½ years: interacting with co-workers and residents on a daily basis.
Since April 30, she has been training her replacement, Clairton resident Kathy Connolly.
Her effective retirement date is July 27, while her last working day is June 30.
"I will miss all the great people I work with, and getting to know all the residents.
"They come here and are so friendly and nice and try to work with you," said Mrs. Malloy, who turned 65 on June 7.
In her resignation letter to council last month, she expressed her appreciation, gratitude, and love to her former and current colleagues for their support and guidance.
She also thanked past councils, and most of the present council, for their support, confidence, and trust, and all the residents for entrusting her with their challenges.
"I graciously leave you all, and would like to express that this rewarding experience will forever be in my heart and soul," the letter concluded.
Born and raised in the borough, she leaves with a bit of a heavy heart in light of her hometown›s decline from the Mt. Oliver of her youth.
"I don›t know what it will take to bring our little community back to the way it used to be.
"Everybody -- our governing body and residents -- must start learning to work together all the time," she said.
In Nov., 1983, Mrs. Malloy applied for the job, was interviewed, and hired.
At that time, John Smith was mayor, and John Hindmarch was police chief. Council was comprised of the late president Matt Mutschler, Marty Palma, the late Norman "Doc" Neider, Don Froehlich, the late Bill Holzer, the late Steve Rattay, and Mike Mervosh.
Mrs. Malloy would soon learn that getting accustomed to the various personalities of the myriad council members that come and go is one of the job›s top challenges.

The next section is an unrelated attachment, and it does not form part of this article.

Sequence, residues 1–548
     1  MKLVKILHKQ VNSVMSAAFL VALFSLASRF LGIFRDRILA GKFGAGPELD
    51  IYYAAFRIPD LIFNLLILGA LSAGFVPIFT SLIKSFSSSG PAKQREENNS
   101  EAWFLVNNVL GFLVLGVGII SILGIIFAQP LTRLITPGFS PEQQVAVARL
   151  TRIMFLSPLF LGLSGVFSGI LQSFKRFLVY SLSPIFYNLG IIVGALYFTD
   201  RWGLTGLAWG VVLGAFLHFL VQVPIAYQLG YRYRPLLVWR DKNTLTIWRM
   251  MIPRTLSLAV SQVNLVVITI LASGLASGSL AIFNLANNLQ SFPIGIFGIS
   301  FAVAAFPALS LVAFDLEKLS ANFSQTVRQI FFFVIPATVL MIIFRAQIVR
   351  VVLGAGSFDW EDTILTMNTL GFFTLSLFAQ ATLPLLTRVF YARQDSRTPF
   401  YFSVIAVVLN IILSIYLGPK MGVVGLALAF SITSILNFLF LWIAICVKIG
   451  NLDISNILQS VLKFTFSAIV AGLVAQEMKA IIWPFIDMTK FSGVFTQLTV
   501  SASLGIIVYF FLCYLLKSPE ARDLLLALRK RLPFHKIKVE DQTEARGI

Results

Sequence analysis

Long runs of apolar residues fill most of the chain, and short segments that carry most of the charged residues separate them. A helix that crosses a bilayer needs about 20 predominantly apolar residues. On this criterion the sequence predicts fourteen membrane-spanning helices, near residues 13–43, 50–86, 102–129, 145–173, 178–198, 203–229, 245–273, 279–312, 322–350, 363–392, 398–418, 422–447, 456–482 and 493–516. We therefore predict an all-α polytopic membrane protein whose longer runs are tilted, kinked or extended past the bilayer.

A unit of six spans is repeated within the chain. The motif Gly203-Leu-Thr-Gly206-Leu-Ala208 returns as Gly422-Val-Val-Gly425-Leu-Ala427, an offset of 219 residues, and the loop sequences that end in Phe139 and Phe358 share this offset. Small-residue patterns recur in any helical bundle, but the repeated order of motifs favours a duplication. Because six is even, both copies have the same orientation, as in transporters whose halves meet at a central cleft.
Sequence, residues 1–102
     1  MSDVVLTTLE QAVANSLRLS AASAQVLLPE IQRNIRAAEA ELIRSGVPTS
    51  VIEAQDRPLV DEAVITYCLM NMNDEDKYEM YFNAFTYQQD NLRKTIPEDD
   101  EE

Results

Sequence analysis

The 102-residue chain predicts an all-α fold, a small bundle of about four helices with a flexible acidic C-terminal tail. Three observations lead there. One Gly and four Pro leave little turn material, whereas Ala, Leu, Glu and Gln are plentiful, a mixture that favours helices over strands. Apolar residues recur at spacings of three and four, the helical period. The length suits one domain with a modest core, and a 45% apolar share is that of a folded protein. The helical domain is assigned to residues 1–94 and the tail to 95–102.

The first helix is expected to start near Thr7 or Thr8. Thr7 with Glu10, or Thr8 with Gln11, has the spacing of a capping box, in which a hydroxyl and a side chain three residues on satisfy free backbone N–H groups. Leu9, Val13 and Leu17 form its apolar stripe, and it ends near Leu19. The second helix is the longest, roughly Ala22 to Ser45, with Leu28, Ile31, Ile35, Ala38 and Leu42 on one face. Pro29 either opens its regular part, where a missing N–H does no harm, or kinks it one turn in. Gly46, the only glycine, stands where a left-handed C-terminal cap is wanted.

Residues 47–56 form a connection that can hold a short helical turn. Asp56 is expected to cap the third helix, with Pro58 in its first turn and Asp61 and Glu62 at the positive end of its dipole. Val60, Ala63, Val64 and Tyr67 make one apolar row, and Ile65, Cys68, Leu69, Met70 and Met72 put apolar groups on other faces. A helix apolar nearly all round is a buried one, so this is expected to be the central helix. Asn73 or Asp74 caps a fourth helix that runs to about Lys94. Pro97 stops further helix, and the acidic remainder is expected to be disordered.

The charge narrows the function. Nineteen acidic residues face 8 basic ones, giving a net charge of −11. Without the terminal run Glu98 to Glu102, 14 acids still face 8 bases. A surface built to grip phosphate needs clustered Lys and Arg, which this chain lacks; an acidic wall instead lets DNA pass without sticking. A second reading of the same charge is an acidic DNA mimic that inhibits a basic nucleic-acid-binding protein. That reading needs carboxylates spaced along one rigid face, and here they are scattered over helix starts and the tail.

For the first year, she worked with Freda Froelich, the borough›s second borough secretary ever, until she retired. That left Mrs. Malloy and secretary-treasurer Diane Holzer, who began in July, 1983.
In those days, the major office technology was typewriters. Minutes at council meetings were taken by hand and without recordings for back-up.
"But then they talked a little less and in not as much detail," she said of the three to four pages of minutes versus today›s 30 pages.
While new hires to collect sewage and taxes came and went, Mrs. Malloy and Mrs. Holzer remained constants in the office for nearly 30 years.
In her retirement, she plans to spend more time with her family: husband and council member Pat Malloy; the couple›s son and daughter-in-law; and two grandsons, who she looks forward to babysitting.
The Malloys may also take day trips to nearby historic places, such as Fort Necessity in Fayette County.
But regardless where her travels take her, she will always carry the memories of her tenure in Mt. Oliver.
"Over my 29 years working with Diane, she has touched me deeply: we could confide in each other, becoming as close as sisters.
"I really, only, got to know Dottie [Smith] when she was elected tax collector about four years ago but she, like Diane, holds a special place in my heart.
"As for Kathy, our new secretary, I wish her all the success in the world.
"I hope she learns to love the job, like I did, because it becomes a part of your life and for me, over a quarter of a century of my life," she said.